The defeat of 1864 cast a shadow over Christian IX's rule for many years and his attitude to the Danish caseprobably without reasonwas claimed to be half-hearted. This unpopularity was worsened as he sought unsuccessfully to prevent the spread of democracy throughout Denmark by supporting the authoritarian and conservative prime minister Estrup, whose rule 187594 was by many seen as a semi-dictatorship. However, he signed a treaty in 1874 which allowed Iceland, then a Danish possession, to have its own constitution, albeit one that still had Denmark ruling Iceland. In 1901, he reluctantly asked Johan Henrik Deuntzer to form a government and this resulted in the formation of the Cabinet of Deuntzer. The cabinet consisted of members of the Venstre Reform Party and was the first Danish government not to include the conservative party Hjre, even though Hjre never had a majority of the seats in the Folketing. This was the beginning of the Danish tradition of parliamentarism and clearly bettered his reputation for his last years.
Another reform occurred in 1866, when the Danish constitution was revised so that Denmark's upper chamber would have more power than the lower. Social security also took a few steps forward during his reign. Old age pensions were introduced in 1891 and unemployment and family benefits were introduced in 1892.
Aronson, Theo (2014) A Family of Kings: The descendants of Christian IX of Denmark (Thistle Publishing) ISBN 978-1910198124
Beche, Arturo E. (2014) APAPA: King Christian IX of Denmark and His Descendants (Eurohistory) ISBN 978-0985460341
The Etruscan scriptures were a corpus of texts termed the Etrusca Disciplina. This name appears in Valerius Maximus, and Marcus Tullius Cicero refers to a disciplina in his writings on the subject.
Massimo Pallottino summarizes the known (but non-extant) scriptures as the Libri Haruspicini, containing the theory and rules of divination from animal entrails; the Libri Fulgurales, describing divination from lightning strikes; and the Libri Rituales. The last was composed of the Libri Fatales, detailing the religiously correct methods of founding cities and shrines, draining fields, formulating laws and ordinances, measuring space and dividing time; the Libri Acherontici, dealing with the hereafter; and the Libri Ostentaria, containing rules for interpreting prodigies. The revelations of the prophet Tages were given in the Libri Tagetici, which included the Libri Haruspicini and the Acherontici, and those of the prophetess Vegoia in the Libri Vegoici, which included the Libri Fulgurales and part of the Libri Rituales.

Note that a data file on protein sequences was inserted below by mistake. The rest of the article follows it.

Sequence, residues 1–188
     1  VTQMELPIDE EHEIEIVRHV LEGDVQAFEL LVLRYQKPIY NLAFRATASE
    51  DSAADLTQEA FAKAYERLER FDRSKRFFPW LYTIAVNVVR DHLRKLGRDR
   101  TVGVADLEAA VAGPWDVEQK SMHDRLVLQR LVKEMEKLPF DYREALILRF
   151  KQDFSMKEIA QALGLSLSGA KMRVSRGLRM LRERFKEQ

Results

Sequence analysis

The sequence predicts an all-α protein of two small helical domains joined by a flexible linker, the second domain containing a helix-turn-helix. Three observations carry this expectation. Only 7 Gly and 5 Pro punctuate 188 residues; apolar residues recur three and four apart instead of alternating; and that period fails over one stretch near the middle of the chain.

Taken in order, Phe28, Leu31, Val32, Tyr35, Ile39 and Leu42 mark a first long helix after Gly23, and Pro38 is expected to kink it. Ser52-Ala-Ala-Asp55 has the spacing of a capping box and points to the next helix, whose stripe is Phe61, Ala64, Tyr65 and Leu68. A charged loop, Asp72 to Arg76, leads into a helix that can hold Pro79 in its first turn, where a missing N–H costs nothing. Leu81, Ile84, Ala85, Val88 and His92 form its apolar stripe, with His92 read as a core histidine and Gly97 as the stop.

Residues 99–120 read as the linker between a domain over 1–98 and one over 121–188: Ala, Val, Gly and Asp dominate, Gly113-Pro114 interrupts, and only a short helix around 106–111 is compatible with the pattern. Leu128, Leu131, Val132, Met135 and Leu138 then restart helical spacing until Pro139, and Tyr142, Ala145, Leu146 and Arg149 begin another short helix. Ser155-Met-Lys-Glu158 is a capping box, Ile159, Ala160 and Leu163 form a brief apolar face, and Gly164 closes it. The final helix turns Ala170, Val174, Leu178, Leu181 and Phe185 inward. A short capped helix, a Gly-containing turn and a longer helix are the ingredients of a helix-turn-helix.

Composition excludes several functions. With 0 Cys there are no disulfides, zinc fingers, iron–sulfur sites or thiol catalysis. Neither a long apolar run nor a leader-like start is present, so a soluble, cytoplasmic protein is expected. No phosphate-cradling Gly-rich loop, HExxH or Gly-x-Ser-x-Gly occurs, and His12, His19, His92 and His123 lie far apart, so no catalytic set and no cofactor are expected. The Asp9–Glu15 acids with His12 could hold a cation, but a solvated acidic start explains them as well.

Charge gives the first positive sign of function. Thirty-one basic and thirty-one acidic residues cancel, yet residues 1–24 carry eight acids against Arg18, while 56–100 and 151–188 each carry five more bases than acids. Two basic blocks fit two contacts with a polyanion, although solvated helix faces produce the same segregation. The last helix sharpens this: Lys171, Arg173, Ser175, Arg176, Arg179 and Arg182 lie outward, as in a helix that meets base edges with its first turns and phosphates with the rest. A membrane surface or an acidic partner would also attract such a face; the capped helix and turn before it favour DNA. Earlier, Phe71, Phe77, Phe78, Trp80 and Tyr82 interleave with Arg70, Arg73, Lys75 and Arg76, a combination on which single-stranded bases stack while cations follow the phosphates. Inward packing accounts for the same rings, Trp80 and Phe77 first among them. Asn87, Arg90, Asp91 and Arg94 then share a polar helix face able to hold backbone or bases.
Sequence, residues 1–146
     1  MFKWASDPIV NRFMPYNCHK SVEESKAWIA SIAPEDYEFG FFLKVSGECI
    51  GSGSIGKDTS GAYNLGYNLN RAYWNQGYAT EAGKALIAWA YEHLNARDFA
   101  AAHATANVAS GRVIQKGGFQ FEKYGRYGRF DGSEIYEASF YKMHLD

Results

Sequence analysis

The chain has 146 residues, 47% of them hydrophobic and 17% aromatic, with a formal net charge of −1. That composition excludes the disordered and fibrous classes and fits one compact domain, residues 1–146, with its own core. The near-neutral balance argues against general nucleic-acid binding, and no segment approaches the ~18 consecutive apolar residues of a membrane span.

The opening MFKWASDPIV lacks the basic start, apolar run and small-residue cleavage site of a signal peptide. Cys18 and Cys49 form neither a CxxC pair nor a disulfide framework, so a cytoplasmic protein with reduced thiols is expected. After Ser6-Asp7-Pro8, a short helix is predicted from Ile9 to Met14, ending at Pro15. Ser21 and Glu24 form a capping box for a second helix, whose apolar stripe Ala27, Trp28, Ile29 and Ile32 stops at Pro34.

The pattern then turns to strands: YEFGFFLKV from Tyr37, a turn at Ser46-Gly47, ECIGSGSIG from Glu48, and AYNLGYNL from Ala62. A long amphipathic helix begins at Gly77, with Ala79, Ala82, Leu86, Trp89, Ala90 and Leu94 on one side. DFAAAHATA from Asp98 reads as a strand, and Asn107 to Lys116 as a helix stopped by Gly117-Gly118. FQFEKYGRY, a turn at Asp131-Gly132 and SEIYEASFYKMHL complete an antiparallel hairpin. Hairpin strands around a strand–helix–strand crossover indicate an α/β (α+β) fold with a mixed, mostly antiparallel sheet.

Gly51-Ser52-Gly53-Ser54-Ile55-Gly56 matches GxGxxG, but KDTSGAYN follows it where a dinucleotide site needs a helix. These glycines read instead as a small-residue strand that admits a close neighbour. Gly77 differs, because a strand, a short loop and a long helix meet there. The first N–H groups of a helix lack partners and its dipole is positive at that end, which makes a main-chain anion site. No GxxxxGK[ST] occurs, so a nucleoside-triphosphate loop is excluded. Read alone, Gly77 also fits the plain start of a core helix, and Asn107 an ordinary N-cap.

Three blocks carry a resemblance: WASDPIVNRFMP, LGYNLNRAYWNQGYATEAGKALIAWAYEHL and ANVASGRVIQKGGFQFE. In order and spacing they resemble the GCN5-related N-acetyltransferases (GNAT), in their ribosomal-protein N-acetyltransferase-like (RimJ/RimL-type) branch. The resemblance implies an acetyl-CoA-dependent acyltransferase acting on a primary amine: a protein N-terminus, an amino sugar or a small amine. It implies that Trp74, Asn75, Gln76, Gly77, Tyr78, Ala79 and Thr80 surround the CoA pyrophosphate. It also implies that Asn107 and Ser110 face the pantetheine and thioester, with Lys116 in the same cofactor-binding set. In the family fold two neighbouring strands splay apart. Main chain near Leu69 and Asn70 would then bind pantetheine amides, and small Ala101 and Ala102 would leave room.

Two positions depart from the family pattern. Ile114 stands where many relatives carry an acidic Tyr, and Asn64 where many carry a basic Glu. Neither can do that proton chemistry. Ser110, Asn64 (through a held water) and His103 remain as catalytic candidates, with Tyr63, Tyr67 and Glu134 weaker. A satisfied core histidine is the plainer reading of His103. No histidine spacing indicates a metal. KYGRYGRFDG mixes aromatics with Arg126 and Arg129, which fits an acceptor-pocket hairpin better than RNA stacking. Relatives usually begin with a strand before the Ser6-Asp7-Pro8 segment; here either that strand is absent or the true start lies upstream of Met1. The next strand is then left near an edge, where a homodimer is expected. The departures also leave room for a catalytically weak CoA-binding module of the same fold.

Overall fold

These works did not present prophecies or scriptures in the ordinary sense: the Etrusca Disciplina foretold nothing itself. The Etruscans appear to have had no systematic ethics or religion and no great visions. Instead they concentrated on the problem of the will of the gods: questioning why, if the gods created the universe and humanity and have a will and a plan for everyone and everything in it, they did not devise a system for communicating that will in a clear manner.
The Etruscans accepted the inscrutability of their gods' wills. They did not attempt to rationalize or explain divine actions or formulate any doctrines of the gods' intentions. As answer to the problem of ascertaining the divine will, they developed an elaborate system of divination; that is, they believed the gods offer a perpetual stream of signs in the phenomena of daily life, which if read rightly can direct humanity's affairs. These revelations may not be otherwise understandable and may not be pleasant or easy, but are perilous to doubt.
The Etrusca Disciplina therefore was mainly a set of rules for the conduct of all sorts of divination; Pallottino calls it a religious and political "constitution": it does not dictate what laws shall be made or how humans are to behave, but rather elaborates rules for asking the gods these questions and receiving answers.
For a hasty acceptance of an erroneous opinion is discreditable in any case, and especially so in an inquiry as to how much weight should be given to auspices, to sacred rites, and to religious observances; for we run the risk of committing a crime against the gods if we disregard them, or of becoming involved in old women's superstition if we approve them.
He then quipped, regarding divination from the singing of frogs:
Who could suppose that frogs had this foresight? And yet they do have by nature some faculty of premonition, clear enough of itself, but too dark for human comprehension.